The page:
• Tuesday, April 16, 2024
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Creatives must pay attention to engagement from fan base – Tosin Obembe

Creatives must pay attention to engagement from fan base – Tosin Obembe

TOSIN OBEMBE, group managing director of Luova Group, a marketing communication group that has worked with the likes of Hilda Baci, the former Guinness World Record holder for the longest cooking marathon, and ‘Head of Marketing for the FIBA Olympics Basketball Qualifiers, Eko Hotel’ for Paris 2024 Qualifiers, speaks with ANTHONY UDUGBA about the Nigerian creative ecosystem, sharing strategies and insights that can spur creatives towards growth and financial success through the art of advertising

How has the landscape of advertising evolved in Nigeria, particularly concerning the entertainment industry, and what opportunities does it present for creatives?

The rate at which marketing is evolving in Nigeria is so rapid that you would need to keep your eyes permanently open and stay informed on trends and major updates.

Nigerians are very creative in communication; there is a new trending topic every other day. Sometimes, it is an extract from a speech or a song, current affairs or the news. At every particular point in time, there is a viral sensation going on in Nigeria. If you fall behind these, you will be frustrated.

This opportunity is why we have artists blowing up without a record label because TikTok is there. This, particularly relating to the Nigerian creatives, is to understand per time what is entertaining to Nigerians.

You cannot stay in your lane, saying you are not a fan of social media, your social life is low or you don’t want people to see you. I understand that creatives like to create and do not like to bother anyone or be bothered, but it is time to understand that people need to see or hear that beautiful piece. Find people that can help you achieve it.

The fact that you are a Nigerian and also that your fellow Nigerians ‘no dey gree for anybody’ is an avenue for you to explore. Explore it.

Can you share examples of successful advertising campaigns within the entertainment sector in Nigeria that significantly boosted sales and reach for creatives?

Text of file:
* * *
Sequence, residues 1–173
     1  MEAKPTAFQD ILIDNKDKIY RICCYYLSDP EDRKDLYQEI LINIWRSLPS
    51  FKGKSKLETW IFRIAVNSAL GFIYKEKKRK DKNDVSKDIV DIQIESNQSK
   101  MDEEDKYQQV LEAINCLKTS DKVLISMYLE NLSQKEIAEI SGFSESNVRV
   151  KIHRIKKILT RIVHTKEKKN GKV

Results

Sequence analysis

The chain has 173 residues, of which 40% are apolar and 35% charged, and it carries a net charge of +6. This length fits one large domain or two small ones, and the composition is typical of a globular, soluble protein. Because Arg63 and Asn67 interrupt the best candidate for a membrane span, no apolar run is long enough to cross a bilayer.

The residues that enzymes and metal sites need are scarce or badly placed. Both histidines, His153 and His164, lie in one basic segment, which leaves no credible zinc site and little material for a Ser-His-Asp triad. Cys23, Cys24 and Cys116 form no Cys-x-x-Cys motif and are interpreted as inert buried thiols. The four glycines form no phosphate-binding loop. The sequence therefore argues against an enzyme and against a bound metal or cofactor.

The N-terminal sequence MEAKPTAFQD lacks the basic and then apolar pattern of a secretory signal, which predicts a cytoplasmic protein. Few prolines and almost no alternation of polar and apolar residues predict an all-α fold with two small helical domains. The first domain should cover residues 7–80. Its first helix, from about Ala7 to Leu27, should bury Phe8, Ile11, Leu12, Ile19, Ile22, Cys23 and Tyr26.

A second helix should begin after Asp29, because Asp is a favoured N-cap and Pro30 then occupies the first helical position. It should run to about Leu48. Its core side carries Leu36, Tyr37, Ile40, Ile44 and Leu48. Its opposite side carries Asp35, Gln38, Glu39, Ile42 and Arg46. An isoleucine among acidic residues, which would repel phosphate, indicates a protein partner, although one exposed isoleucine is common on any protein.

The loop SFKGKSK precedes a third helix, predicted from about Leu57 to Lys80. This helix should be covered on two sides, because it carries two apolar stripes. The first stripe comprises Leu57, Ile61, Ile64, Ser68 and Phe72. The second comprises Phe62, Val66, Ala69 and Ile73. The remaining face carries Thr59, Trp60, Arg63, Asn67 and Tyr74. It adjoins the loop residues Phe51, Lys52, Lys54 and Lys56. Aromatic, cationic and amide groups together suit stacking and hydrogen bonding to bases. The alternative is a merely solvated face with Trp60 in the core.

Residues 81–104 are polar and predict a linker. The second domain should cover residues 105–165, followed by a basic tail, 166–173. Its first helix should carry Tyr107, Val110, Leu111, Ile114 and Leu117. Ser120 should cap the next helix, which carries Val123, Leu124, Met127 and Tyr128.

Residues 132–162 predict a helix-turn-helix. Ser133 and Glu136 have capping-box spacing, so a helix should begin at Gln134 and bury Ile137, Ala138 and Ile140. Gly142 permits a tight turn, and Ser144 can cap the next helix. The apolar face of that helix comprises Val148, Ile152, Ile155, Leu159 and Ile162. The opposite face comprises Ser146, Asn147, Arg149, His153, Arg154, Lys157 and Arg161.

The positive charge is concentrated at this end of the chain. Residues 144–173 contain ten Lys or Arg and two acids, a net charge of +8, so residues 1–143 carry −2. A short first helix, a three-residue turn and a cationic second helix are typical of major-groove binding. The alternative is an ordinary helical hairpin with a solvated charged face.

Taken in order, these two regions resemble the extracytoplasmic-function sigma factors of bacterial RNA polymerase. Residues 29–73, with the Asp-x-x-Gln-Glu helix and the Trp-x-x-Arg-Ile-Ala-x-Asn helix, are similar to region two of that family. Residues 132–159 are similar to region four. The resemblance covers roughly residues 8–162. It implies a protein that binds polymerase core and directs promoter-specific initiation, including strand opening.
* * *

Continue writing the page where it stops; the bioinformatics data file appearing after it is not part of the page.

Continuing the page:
I will speak about the most recent achievement by Funke Akindele with the movie ‘A Tribe Called Judah’. The result is all over the media. It is the intentionality of Funke Akindele in getting that movie to be on every Nigerian mind to watch at the cinema and most importantly, those who watched it came online all by themselves to say ‘it is worth the hype’.

Those comments gave the campaign ‘earned’ testimonial advertising and boom! That was it. So successful campaigns are products of good products first and foremost; then every other thing follows.

In a competitive market, what strategies do you recommend for creatives to effectively integrate advertising into their promotional efforts, ensuring both visibility and revenue growth?

Let me say this about the work of creatives vis-à-vis the commercial space, you are targeting two spaces in terms of the consumption of your work and with making money. The first is an individual or interested group of people and the second one is a brand.

For brands, it’s either the core of what you created speaks to their brand objectives and they want to work with you, or you have used your art to gather so many viewers and followers and those brands want to work with you to access that base (followers) you have gathered.

As creatives, I will advise you not to struggle too much. Firstly, know whom you are creating for, how they speak, and where you can find them.

In marketing, we call this target audience analysis. Don’t make the mistake of copying what the next person did; you might not be speaking to the same set of people. In fact if by chance, you are speaking to the same set of people, you might be missing the approach.

Let me give an example: if a company’s target audience is the ‘area boys’ in Oshodi and they reach them by using an artist the audience relates with, playing their materials in the artist songs, it will get a successful campaign.

For another company whose target audience are people in the activation right in the centre of the city, using the same strategy might be a mistake.